It's an impressive and thought-provoking project, not least because of the just-plain-weird sight of a computer with grass growing out of it says something about all the screens, hard edges and wires with which we increasingly surround ourselves (perhaps less so, the wires). It also makes a definite if somewhat ambiguous statement about waste hear and personal electronics. But this is no project for the novice case modder. Plants require water, and water and electrical devices are not the most amicable of bedfellows.

Source: Total Geekdom,

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Logitech Wireless Solar Keyboard K750


The Logitech Wireless Solar Keyboard K750 is the company's first keyboard powered wholly by light. In addition to sunlight, the device's integrated solar panel will also be able to draw power from ambient, indoor light. Should you decide to stow the 0.3-inch thick keyboard away between periods of use, the company reckons that the K750 should retain its charge for at least three months, even in total darkness.

The chiclet-type keys benefit from Logitech's Incurve design, which is said to provide a little extra keying comfort by supporting "the shape of your fingertips, while helping guide your fingers to the right key."


The company has also developed a solar power app that includes a lux meter to help position the keyboard in the best sunbathing position, and gives useful information about the keyboard's battery levels. It'll even send out an alert when power gets low, although there is also an indicator light on the keyboard itself to help avoid running out of juice mid-sentence. The app will be available from November 15.


You'll be able to get your hands on the Logitech Wireless Solar Keyboard K750 shortly for a suggested retail price of US$79.99.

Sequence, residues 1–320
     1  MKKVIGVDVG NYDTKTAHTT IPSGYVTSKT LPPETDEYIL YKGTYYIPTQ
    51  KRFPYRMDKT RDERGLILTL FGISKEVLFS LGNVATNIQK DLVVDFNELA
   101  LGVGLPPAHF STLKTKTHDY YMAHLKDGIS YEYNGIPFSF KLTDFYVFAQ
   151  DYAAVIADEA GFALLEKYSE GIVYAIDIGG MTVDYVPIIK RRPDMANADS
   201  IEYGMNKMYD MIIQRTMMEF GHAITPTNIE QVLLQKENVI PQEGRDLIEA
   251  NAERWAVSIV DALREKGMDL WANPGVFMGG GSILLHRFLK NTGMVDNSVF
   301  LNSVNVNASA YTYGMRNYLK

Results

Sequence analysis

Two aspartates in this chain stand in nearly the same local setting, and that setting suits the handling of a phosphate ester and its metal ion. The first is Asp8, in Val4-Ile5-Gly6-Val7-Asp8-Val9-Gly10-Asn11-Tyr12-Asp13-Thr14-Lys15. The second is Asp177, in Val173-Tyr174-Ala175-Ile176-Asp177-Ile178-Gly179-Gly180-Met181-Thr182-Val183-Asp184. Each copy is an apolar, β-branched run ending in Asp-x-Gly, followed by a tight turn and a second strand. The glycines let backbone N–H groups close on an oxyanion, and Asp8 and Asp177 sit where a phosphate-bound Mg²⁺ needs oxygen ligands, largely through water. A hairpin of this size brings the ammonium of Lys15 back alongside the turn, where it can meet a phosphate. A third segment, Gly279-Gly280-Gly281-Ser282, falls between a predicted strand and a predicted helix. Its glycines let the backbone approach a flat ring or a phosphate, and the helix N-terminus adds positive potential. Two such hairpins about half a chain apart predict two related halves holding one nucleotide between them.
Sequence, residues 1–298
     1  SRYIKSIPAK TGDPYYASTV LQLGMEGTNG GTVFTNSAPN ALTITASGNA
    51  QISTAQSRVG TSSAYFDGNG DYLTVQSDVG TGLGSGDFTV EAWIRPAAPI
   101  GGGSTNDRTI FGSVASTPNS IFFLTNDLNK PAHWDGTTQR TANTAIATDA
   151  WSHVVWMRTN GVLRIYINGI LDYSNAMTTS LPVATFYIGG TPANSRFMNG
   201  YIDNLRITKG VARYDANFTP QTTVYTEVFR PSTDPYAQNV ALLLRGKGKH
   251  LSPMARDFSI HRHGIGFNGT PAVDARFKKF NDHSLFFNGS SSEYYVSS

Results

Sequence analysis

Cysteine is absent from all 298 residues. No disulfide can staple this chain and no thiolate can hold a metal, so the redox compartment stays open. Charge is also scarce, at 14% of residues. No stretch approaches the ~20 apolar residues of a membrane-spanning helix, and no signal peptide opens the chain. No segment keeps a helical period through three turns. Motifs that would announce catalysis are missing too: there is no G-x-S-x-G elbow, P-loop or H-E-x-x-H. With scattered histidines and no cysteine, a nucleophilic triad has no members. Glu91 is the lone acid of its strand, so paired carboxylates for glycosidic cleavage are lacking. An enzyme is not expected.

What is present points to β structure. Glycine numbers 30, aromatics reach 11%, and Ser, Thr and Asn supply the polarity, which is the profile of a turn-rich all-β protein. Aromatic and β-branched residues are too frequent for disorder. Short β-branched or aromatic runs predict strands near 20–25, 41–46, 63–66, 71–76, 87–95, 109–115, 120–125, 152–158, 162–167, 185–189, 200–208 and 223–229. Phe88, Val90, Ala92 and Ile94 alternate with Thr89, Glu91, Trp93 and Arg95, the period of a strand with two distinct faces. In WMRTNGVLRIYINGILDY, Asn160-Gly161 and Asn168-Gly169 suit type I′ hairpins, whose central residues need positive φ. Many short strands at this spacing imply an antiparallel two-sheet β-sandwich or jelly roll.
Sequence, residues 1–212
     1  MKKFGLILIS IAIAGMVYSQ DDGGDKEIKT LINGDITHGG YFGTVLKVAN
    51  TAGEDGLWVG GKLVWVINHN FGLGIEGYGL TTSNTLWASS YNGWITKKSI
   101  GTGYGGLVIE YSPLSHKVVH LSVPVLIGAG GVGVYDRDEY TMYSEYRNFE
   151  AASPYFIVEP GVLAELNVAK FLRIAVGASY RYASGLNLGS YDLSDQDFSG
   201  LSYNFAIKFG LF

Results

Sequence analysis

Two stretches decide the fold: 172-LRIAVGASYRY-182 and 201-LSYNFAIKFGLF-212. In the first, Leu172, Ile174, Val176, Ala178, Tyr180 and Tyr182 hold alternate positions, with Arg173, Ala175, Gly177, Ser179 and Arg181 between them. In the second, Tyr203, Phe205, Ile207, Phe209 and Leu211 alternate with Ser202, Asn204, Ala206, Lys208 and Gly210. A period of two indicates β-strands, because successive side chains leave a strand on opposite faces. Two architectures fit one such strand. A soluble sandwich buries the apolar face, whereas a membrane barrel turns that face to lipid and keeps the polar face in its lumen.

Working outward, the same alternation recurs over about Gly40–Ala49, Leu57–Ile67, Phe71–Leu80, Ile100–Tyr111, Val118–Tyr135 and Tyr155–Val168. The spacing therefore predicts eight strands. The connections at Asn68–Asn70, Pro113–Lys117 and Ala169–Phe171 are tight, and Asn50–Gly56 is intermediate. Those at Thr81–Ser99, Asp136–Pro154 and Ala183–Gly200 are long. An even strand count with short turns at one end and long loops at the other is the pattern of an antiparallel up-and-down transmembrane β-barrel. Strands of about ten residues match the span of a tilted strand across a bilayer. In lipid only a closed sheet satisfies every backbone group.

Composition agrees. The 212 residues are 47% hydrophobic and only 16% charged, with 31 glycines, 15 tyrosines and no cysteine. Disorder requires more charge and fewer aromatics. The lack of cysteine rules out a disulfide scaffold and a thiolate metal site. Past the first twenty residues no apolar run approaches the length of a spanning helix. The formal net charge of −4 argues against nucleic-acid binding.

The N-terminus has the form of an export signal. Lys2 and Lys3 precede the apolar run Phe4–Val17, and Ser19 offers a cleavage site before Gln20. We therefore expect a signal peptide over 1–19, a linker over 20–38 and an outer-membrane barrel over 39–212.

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Bondidea's Solar Optical Mouse

Bondidea's N91 wireless optical mouse gets round any potential power fail anxiety by running from either battery or the built-in PV panel. On the face of it, putting a photovoltaic panel on top of a computer mouse might seem like a bit of a strange idea, given that your hand will probably block out all light when in use. For much of the time, though, a mouse will likely just be sitting idly next to a keyboard or laptop, waiting for someone to handle it. So, it might as well soak up some power-giving light while it's there.


The N91 from Bondidea sports just such a top-mounted panel, which juices up a built-in rechargeable battery. There's also a battery compartment for an AAA-sized alkaline battery underneath and, although the mouse can run on solar power only, it is recommended that users install the second battery to ensure continuous operation. The battery compartment can also house a gold-plated USB nano receiver while on the move, with the peripheral using 2.4GHz anti-interference wireless technology.


In addition to left and right click buttons and scroll wheel, the N91 also has a DPI button on top. This alternates the AVAGO high speed laser optics between 1000 DPI for standard use and 1600 DPI for precision positioning.


The N91 has recently been added to Brando's online catalog (link below). At US$36, it's not the cheapest mouse on the market but it's not going to break the bank either, and it will certainly complement your solar keyboard and, ahem, green computer system.


Source: Bondidea
Available from: Brando